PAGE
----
As one of the technology’s latest buzzwords, PropTech is a fairly new trend in the digital landscape. Many companies and investors see this as a fertile ground ripe for numerous benefits, which is why funding into this particular industry has been on a steady rise. In short, there’s no shortage of capital in the market, along with countless ways to use it. As a result, there is also no shortage of both realistic and outrageous claims about PropTech. Some call it the bonafide disruptor and the second coming of real estate while others see it as yet another small advancement in the long line of digital innovations. In both cases and subsequent extremes, you can often spot a common link: a distinct lack of vision.
This is particularly true for office and property management, where the focus is of innovation is either exclusively on companies working in one small part of the workflow or individual buildings. Improvement in the ecosystem has been stagnant, possibly because all of the new companies in the space have been trying to break out of that delicate first stage in any tech startups life where heavy development commitments are often only attainable with outside investment. But the matter of the fact is there is no better time than now.
As someone with two decades of experience in the IT industry, I believe the current approach to PropTech is wrong. Due to changing expectations, the true promise of PropTech is to bridge the divides real estate has on a daily basis: from disrupting the logistics such as managing assets and time maximization to reinventing traditional real estate industry jobs, and everything in between. Let’s not forget that we are talking about a historically slow-moving and conservative industry that’s been stuck in time. Even still, there are plenty of opportunities to innovate and rethink current systems and processes.
The convergence of real estate and technology we so fondly call PropTech is currently only halfway through to true innovation and the eventual disruption that follows. My gripe relates to the glut of existing solutions that solve only one part of the equation. On one side, you have a tailored system that fits an organization but doesn’t match the needs of a specific building. On the other, there’s a solution that fits the building and even caters to an individual segment of the company but does very little in terms of serving on a company-wide level.
I have witnessed the advantages of technology when applied to the real estate industry, from using data analytics to better interact with real estate to diving into emerging technologies like virtual reality and IoT to enhance both user and management experiences. I am pretty sure it can be implemented better. The reason why is because an important piece in current PropTech management efforts is neglected: the workers themselves. The industry needs a combination of these approaches with the ability to run a more granular operation if need be.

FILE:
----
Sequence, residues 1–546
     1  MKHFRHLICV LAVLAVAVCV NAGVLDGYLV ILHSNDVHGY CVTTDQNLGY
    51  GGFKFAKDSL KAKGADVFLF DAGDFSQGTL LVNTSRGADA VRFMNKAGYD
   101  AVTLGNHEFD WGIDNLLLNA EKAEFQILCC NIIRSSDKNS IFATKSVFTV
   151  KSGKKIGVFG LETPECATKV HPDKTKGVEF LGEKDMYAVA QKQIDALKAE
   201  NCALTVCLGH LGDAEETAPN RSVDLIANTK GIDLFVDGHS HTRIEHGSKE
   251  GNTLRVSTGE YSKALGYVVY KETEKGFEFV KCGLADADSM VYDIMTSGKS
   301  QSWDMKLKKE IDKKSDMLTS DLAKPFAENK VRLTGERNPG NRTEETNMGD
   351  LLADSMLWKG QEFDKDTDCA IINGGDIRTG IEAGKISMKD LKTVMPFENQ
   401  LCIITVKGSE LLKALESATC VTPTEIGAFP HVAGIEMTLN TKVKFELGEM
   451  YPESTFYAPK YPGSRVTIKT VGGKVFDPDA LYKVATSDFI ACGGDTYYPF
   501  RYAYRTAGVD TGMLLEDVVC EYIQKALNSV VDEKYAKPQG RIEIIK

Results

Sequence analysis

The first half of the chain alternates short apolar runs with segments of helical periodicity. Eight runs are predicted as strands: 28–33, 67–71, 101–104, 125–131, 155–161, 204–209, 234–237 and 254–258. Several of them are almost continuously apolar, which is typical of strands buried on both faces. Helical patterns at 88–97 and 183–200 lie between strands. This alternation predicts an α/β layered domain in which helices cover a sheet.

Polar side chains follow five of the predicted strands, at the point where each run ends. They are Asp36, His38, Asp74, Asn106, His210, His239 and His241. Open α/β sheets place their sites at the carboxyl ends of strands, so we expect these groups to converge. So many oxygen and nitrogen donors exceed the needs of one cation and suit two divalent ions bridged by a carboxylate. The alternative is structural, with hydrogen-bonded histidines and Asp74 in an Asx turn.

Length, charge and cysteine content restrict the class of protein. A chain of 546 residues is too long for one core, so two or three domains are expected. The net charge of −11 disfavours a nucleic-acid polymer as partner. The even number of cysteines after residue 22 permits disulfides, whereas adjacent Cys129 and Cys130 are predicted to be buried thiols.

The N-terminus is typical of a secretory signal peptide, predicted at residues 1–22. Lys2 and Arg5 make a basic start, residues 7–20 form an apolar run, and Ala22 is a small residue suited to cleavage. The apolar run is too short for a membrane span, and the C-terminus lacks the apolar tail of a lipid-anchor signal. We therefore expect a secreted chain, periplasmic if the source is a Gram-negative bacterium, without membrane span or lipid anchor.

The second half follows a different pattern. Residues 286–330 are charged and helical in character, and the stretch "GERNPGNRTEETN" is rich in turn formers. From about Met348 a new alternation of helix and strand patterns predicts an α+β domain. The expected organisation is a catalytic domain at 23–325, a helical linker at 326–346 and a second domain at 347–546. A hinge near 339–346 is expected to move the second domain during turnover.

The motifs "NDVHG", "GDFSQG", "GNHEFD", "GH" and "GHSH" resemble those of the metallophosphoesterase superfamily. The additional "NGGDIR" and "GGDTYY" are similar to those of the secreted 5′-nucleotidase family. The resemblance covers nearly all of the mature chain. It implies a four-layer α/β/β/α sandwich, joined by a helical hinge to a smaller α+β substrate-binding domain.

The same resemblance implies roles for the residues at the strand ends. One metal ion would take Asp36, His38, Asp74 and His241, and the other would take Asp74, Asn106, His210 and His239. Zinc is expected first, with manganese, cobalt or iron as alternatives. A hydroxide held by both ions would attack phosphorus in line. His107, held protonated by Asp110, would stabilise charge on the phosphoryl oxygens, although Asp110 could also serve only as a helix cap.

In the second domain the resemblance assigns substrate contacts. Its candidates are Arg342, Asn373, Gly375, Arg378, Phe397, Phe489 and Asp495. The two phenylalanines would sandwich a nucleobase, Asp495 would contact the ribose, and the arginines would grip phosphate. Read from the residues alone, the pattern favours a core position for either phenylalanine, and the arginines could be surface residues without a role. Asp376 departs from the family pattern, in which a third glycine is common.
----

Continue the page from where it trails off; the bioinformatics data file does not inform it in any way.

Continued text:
Because we live in an app-centric world, such an all-encompassing approach requires an all-encompassing application. Preferably, one that represents an entire ecosystem supporting the worker. It should be capable of handling mountains of complex data while providing actionable insights in real time, such as locating a specific worker. It should be able to report problems with equipment in the tenant’s spaces and the common areas and in the building in general. It should be able to provide information about room occupancy through advanced application of fast data and AI. Such a solution wouldn’t have to be put into effect merely within a specific building or company. Instead, it should be integrated across an organization to enhance office management and engage the workforce while still providing value to it.
Today’s fast-paced digital world makes it extremely tough to effectively operate a business, especially that of a large(r) stature, without an integrated system that manages and analyses data collected from various sources and departments. Add the silo effect, lack of information flow between organization’s departments, to the mix and suddenly there is a lack of openness and information sharing that cause inefficiency throughout the company. An integrated system helps managers understand how a certain office or property is utilised, and proper ways to optimize it.
I deliberately used ‘proper’ because the reality is different compared to these encouraging words on a screen. A lot of managers only understand optimization on paper or to a certain degree at best. When thinking about it, we are envisioning a seemingly simple matter. After all, the goal is clear: to make something as functional and/or effective as possible. So how wrong can we be? It turns out, more than we think.
Attempt at optimization is not the same as actual optimization. It’s not that these managers are incompetent or anything like that. It has more to do with the scarcity of analytical knowledge and deep(er) insights such as metrics in energy consumption and a complete overview of misused productivity hours, for instance. These and other recurrent issues prevent large offices and properties from true optimization. Because of this, the management is often misled and full of unfounded assumptions.
In office and property management, optimization covers a lot of things. Thanks to advances in connectivity, applying technology to physical spaces where people work or live can yield remarkable benefits. These refer to energy and utility consumption, worker productivity, space utilization, and various operational and maintenance costs. Without requisite PropTech, the value created within these spaces will diminish over time.